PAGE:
Case 2. Let n ≥ 3, π(2) = n and π(n) = 2. Since the leftmost column has 1s in the rows 1 and 2, any 1 in row 1 induces a (nonessential) 1 in the cell directly below it. Since π(n) 6= 1, there is at least one 1 in the top row in addition to the 1 in the leftmost cell. Suppose the second leftmost 1 in the top row is in column labeled i. Then the path starting south at column n turns east at cell (1, n), south at (1, i), and east at (2, i). Since π(n) = 2, that path exits the tableau at row 2, so there are no 1s in row 2 to the right of column i. Hence, there are also no 1s in row 1 to the right of column i, so π(i) = 1 and row 1 has, in fact, only two 1s, in the leftmost column and in column i. Let T0 be the tableau obtained by removing the top row and leftmost column of T . Then, just as in the previous case, it is easy to see that T has exactly one more nonessential 1 than T0, namely, the 1 in the cell labeled (2, i). Moreover, T0 also has the maximum number of essential 1s, and π0= Φ(T0) is obtained by deleting 2 and n from π and subtracting 1 from each remaining value except 1. Therefore, π0 also avoids patterns 123 and 213, and hence, π0∈ Mn−2k−1(123, 213).

Case 3. Let n ≥ 3, π(1) = n and π(n) = 2. Since π(1) = n, the leftmost column of T contains a single 1 in the top row. Therefore, the leftmost column cannot be longer than the column to its right, and hence the second leftmost column has label n − 1. Since T has the maximum number of essential 1s and 0 in cell (2, n), either n = 3 and π = 312 or there must be a 1 in the cell (2, n − 1). Thus, the path starting south at column n, turns east at cell (1, n), then again south at (1, n − 1), and so passes through cell (2, n − 1). Since π(n) = 2, this means that T has a 1 in the cell (2, n − 1) and only 0s to its right. Hence, this is the single 1 in row 2, so either n = 4 and π = 4312 or n ≥ 5 and T must have a 1 in the cell (3, n − 1). Also, the fact that row 2 has no 1s to the right of row n − 1 means that row 1 has no 1s to the right of column n − 1, so π(n − 1) = 1. Finally, since π(1) = n and π avoids patterns 123 and 213, we must have n − 1 = π(2) or n − 1 = π(3). Since column n has no 1s other than in top row, π(i) = n − 1 implies that i is the lowest row with a 1 in column n − 1. Since there is a 1 in cell (3, n − 1), we must have n − 1 = π(3), so there are no 1s in column n − 1 below row 3. Therefore, either n = 5 and π = 53412 or n ≥ 6 and there is a 1 in cell (3, n − 2).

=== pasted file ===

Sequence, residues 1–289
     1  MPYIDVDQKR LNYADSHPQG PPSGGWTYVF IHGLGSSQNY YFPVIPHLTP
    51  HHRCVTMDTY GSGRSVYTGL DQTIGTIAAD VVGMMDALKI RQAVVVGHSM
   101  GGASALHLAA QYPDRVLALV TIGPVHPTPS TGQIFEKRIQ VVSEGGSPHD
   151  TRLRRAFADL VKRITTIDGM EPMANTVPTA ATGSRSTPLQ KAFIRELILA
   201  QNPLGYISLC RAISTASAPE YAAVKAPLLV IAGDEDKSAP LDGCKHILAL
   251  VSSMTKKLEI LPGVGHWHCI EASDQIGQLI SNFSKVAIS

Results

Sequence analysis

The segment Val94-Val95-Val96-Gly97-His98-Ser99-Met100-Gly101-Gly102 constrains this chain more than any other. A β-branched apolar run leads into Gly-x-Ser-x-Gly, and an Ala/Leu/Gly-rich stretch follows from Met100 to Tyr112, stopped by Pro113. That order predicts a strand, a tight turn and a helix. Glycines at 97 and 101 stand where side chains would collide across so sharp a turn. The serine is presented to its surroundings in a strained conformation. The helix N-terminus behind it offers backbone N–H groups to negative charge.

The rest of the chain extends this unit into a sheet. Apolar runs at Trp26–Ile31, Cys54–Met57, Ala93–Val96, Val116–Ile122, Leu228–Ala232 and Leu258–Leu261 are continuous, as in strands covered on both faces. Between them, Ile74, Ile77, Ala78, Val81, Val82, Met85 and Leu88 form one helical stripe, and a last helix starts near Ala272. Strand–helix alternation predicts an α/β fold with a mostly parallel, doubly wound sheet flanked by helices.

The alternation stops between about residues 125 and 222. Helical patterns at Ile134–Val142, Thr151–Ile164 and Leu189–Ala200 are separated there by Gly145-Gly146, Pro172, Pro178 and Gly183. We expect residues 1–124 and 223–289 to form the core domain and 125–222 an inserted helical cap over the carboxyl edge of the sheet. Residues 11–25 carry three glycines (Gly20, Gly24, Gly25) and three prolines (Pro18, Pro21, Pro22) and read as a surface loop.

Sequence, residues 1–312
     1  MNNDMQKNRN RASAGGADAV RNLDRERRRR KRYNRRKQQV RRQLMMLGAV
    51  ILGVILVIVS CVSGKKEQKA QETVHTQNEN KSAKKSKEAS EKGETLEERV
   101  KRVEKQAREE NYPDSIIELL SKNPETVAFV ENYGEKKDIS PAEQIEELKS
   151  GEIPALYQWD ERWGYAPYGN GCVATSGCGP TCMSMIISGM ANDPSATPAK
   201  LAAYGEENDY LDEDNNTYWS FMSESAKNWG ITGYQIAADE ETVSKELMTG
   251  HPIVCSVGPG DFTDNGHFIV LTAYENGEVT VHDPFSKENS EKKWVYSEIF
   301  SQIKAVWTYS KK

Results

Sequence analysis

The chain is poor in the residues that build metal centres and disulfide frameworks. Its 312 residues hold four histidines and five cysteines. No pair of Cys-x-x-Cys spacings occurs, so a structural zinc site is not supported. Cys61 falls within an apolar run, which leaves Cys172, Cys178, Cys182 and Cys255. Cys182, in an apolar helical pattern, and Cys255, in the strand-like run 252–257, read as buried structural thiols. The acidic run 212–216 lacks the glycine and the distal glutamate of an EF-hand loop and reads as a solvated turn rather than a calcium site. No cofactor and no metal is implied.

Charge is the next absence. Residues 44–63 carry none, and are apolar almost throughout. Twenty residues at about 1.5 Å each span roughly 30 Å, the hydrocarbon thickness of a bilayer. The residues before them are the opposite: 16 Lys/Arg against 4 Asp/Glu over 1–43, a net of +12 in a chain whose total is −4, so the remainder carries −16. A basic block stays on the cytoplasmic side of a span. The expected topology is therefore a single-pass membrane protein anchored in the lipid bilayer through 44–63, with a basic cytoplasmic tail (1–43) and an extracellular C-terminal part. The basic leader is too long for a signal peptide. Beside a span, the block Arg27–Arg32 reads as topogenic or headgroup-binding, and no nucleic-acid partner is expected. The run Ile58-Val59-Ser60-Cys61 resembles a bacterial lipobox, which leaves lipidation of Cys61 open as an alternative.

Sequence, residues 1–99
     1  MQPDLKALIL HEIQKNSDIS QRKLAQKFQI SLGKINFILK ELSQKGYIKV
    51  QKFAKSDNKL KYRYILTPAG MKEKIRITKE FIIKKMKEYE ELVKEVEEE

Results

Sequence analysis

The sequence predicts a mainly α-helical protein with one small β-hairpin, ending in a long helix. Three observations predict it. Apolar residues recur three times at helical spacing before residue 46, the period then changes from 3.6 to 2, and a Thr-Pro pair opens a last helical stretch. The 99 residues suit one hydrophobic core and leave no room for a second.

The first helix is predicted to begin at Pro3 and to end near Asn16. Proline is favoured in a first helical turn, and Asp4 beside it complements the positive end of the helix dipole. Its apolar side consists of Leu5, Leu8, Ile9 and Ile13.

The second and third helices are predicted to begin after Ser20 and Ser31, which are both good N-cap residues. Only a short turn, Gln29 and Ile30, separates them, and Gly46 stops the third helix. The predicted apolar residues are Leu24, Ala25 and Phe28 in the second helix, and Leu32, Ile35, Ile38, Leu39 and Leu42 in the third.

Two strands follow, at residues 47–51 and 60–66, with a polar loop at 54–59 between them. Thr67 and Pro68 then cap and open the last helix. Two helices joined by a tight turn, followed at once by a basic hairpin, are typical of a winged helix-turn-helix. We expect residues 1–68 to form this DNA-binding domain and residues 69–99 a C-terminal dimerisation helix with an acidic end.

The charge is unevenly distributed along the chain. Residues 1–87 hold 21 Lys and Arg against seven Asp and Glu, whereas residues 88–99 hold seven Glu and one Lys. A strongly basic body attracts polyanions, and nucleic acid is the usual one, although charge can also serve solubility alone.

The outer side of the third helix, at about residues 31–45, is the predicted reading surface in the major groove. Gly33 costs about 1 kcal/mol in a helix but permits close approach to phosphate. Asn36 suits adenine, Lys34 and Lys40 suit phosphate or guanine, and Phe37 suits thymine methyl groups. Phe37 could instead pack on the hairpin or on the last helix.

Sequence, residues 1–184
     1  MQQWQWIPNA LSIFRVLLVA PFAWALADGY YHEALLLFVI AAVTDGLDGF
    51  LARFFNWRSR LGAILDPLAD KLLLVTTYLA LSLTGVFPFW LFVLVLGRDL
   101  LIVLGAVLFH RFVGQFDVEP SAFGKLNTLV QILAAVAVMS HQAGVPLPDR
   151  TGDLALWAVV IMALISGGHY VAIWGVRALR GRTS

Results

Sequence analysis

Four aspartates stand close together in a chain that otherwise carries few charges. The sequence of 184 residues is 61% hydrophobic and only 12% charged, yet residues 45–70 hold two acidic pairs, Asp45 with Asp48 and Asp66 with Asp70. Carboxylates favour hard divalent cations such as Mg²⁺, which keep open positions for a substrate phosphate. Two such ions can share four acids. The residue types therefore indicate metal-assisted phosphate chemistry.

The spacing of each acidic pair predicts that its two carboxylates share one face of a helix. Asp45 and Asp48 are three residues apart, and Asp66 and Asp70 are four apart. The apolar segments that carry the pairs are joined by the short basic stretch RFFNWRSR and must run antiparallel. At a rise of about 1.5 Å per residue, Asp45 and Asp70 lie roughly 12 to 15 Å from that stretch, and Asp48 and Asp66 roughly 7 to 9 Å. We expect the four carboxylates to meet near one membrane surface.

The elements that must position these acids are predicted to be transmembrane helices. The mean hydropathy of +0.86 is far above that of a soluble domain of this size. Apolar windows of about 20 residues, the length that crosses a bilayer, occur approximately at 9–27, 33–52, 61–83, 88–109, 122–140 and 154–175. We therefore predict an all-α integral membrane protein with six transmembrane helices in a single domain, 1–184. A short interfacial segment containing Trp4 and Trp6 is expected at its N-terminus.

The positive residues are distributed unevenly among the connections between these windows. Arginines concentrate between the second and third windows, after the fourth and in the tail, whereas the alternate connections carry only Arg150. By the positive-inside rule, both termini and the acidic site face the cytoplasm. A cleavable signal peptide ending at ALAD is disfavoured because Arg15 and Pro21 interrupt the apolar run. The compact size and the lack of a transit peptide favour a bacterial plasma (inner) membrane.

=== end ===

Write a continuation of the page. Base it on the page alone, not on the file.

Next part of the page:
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T =

s s

s

s s

T0

Let T0 be the tableau obtained by deleting the top two rows and leftmost two columns of T , and let π0 = Φ(T0). Then T0 has the maximum number of essential 1s and the same number of nonessential 1s as T , and π(1) = n, π(2) = π0(1) + 2, π(3) = n − 1, π(i) = π(i − 2) + 2 for 4 ≤ i ≤ n − 2, and π(n − 1) = 1, π(n) = 2. In other words, π0 is obtained from π by deleting n, n − 1, 1, 2 at positions 1, 3, n − 1, n, respectively, and subtracting 2 from each of the remaining values. Therefore, π0also avoids 123 and 213, so π0∈ Mk

n−4(123, 213).

Thus, it is easy to see that f (n, k) = |Mk

n(123, 213)| satisfies the recurrence relation

(5.1) f (n, k) = f (n − 2, k) + f (n − 2, k − 1) + f (n − 4, k)

with initial values f (0, 0) = 1, f (1, 0) = 1, f (2, 0) = 1, f (3, 0) = 2, f (3, 1) = 0 f (4, 0) = 2, f (4, 1) = 1, and f (n, k) = 0 if k < 0 or k > (n − 2)/2 for n ≥ 2. Routine application of generating functions now yields the

theorem. 

Corollary 5.5.

|Mn(123, 213)| = A002965(n + 1) (see [9]), n ≥ 0.

Proof. Let g(n) = |Mn(123, 213)|. Then g(n) =Pb

n−2 2 c

k=0 f (n, k), so summing Equation (5.1) over k, we get

g(n) = 2g(n − 2) + g(n − 4), n ≥ 4,